Pharmacokinetics and Pharmacodynamics
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What is pharmacokinetics?
What the body does to the drug, i.e.: absorption, metabolism, distribution.
What is pharmacodynamics?
What the drug does to the body. Ie: drug receptor interaction.
Transfer of a drug from site of admin to blood
Transfer of blood from blood to ECF and or cells
What affects distribution?
Blood flow, capillary permeability, protein binding, lipophilicity of drug
What is Vd? Does it correlate to a defined compartment?
HYPOTHETICAL volume into which a drug distributes to. It does not correlate to a defined compartment.
How does protein binding affect Vd?
Bound portion is unavailable and forms an inactive reservoir in the intravascular space. Prolongs DOA? Is unavailable for elimination.
How do most drugs get into the blood stream?
Passive diffusion (Fick's Law). Depending on size fat and water soluble drugs can go this way.
How do drugs get absorbed from the GI tract?
What is the bioavailability of IV drugs?
What are determinants of tissue uptake of the drug?
Blood flow, conc. gradient (influences flow into and out of tissues), BBB, physiochemical properties of the drug (ionization, lipid solubility, protein binding)
What are determinants of capacity of tissue to store drug?
Solubility of drug in tissue, tissue mass, binding to macromolecules (proteins), pH
What happens when we continually bolus a patient with a drug?
The tissues get saturated, the drug can't enter the tissues. The DOA now depends NOT on distribution, but on metabolism and elimination (takes much longer than distribution)
T or F, molecules without a charge are lipophilic?
T! Water is polar and has a charge, so molecules with no charge dissolve in lipids.
What is the nonionized form of an acid drug? Of a basic drug?
B and HA
What is the protonated form of an acid drug? Of a basic drug?
Which form of the drug can cross the BBB?
The nonionized form. This is also the ACTIVE form.
What is the significance of the ionization constant?
It's the pKa, important factor in determining drug onset as only the nonionized form will readily cross the BBB.
What is pKa?
The environmental pH at which the drug is 50% ionized and 50% nonionized.
If the pH is LESS THAN the pKa, which form of the drug predominates?
The protonated form predominates. pH refers to pH of the environment.
- Acid drug- HA (non ionized)
- Basic drug- BH+ (ionized)
What form of the drug is able to be renally excreted?
The ionized form.
What is the role of hepatic metabolism?
To convert lipid soluble drugs to water soluble so they can be eliminated by the kidneys.
What are examples of acid drugs? What in the name can alert us that it might be an acid drug?
Thiopental, barbiturates, propofol
Tend to unite with cations, so may be called "sodium ------"
What are examples of basic drugs? What in the name can alert us to this?
All local anesthetics, ketamine, benzos, etomidate, opioids, all amines (so al NT)
Tend to unite with anions, so may be called "----- chloride or sulfate"
What tissue group receives the greatest % of blood flow?
What are the 3 compartments in the body and what is the % and volume of each (for a 70 kg pt)?
- 1) Plasma (6%) 4L
- 2) ECF (20%) 14L (made up of plasma and ISF)
- 3) TBW (60%) 42 L
- 1/3 of TBW is ECF, 2/3 is ICF (28 L)
What characteristics of a drug would lend it to distributing to the plasma?
Large MW, high protein binding, hydrophilic
What characteristics of a drug would lend it to distributing to the ECF?
Low MW, hydrophilic (goes thru slit junctions)
What characteristics of a drug would lend it to distributing to TBW?
Low MW, lipophilic.
T or F, if a drug easily distributes to the TBW, it also easily distributes to the plasma and ECF.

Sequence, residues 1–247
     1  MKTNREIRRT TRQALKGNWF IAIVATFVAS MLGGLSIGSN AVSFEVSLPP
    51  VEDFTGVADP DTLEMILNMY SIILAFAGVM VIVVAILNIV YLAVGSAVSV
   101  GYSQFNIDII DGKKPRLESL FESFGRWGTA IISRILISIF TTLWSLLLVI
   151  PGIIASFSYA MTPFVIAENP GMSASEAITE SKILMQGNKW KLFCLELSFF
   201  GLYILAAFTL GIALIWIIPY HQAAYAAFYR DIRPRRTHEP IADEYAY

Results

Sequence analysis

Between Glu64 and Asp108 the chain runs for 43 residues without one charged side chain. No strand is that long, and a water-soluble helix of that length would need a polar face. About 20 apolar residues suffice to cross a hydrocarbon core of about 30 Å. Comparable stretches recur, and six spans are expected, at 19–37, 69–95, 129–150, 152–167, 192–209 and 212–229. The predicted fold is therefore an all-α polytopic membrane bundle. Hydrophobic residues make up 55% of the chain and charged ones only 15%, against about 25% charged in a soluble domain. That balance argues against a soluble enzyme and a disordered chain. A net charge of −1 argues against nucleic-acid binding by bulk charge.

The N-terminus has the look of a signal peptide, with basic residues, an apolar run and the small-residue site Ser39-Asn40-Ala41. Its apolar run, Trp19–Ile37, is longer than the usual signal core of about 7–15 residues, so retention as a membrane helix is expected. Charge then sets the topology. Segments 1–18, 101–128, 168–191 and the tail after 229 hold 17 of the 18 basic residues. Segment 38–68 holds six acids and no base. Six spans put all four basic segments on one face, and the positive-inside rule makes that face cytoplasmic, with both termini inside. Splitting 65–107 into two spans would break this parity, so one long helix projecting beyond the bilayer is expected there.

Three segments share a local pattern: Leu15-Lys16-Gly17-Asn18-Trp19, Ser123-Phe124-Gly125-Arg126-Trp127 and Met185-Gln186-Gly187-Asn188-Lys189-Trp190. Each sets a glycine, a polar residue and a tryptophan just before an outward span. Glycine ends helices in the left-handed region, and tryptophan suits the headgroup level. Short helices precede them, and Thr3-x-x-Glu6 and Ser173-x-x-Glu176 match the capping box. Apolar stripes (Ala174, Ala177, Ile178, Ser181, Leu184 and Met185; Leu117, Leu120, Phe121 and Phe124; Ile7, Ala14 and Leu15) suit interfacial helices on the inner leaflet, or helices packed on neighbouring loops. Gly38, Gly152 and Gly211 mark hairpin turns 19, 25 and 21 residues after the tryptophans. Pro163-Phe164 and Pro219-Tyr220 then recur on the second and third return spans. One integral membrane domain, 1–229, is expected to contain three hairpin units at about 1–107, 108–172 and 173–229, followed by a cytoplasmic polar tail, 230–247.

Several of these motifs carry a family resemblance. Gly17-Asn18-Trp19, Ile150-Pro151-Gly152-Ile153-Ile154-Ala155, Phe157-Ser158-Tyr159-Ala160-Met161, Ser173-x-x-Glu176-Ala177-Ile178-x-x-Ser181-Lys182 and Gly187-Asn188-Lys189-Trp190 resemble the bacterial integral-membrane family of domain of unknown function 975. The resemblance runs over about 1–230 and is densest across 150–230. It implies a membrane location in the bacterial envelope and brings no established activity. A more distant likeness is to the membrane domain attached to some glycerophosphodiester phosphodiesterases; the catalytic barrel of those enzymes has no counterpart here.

T. It gets progressively more selective as goes from plasma to ECF to TBW.
What's the difference with the barriers of the liver and the BBB?
Liver has slit junctions which are large, easy to pass thru.
Brain has tight junctions which are small. In order to pass drugs must be lipophilic; polar or ionized form can NOT enter.
How do we calculate Vd? What does it tell us?
- Tells us what compartment the drug is likely to distribute to.
- Vd = D /C
- D= total Amt drug in body (amt given)
- C= plasma concentration of drug
What phase is responsible for the clinical effect of a drug?
How does Vd affect half life and duration?
Any factor that increases Vd, increases half life and extends duration.
What is 1st order kinetics?
This applies to most drugs. A constant FRACTION of available drug is metabolized per unit time.
What is the main purpose of metabolism?
Converting pharmacologically active and lipid soluble drugs to (usually) inactive and water soluble form.
What is zero-order kinetics? When does this occur?
- Constant AMOUNT of drug metabolized per unit time.
- Occurs when plasma conc. of drug exceeds capacity of enzymes.
T or F, metabolism equals inactivation or detoxification?
F! Drug can have active metabolites.
What is metabolic rate of drug dependent on?
Determined by conc. of drug at site of metabolism, rate of metabolism itself, and liver blood flow.
What drugs are metabolized by zero order kinetics?
- ETOH, phenytoin, ASA
- Or any drug at a high enough dose that all the enzymes are saturated.
What types of chemical reactions occur with phase 1 metabolism? What is the goal?
- Goal- convert lipophilic drug to MORE POLAR molecule by changing the chemical structure
- -This can increase, decrease, or leave unaltered the drug's pharmacologic activity
What is phase 2 metabolism?
conjugation (making a substance hydrophilic)
if after phase 1 the drug is not polar enough to be eliminated it will undergo phase 2
What is the CP450 system? Where does it occur?
CP450 system, AKA mixed oxydase system, involves oxidation and reduction (phase 1)
What happens to the CP450 system with enzyme induction (ex: ETOH abuse)?
Chronic ETOH abuse causes enzyme induction of CP450 enzyme, the enzymes are stimulated, so pt "chews thru" meds
What happens if a lipid drug isn't converted to a water soluble (polar) drug?
It will be reabsorbed by the peritubular capillaries and reenter the systemic circulation
What is steady state concentration? (Css)
- -plasma concentration is constant
- -input = output
What factors influence steady state concentration?
- 1) rate of drug infusion (css is directly proportional to infusion rate and inversely proportional to drug clearance)
- 2) time to reach steady state
- -independent of the rate of infusion (css is achieved at the same rate, only difference is what the conc. is once css is reached).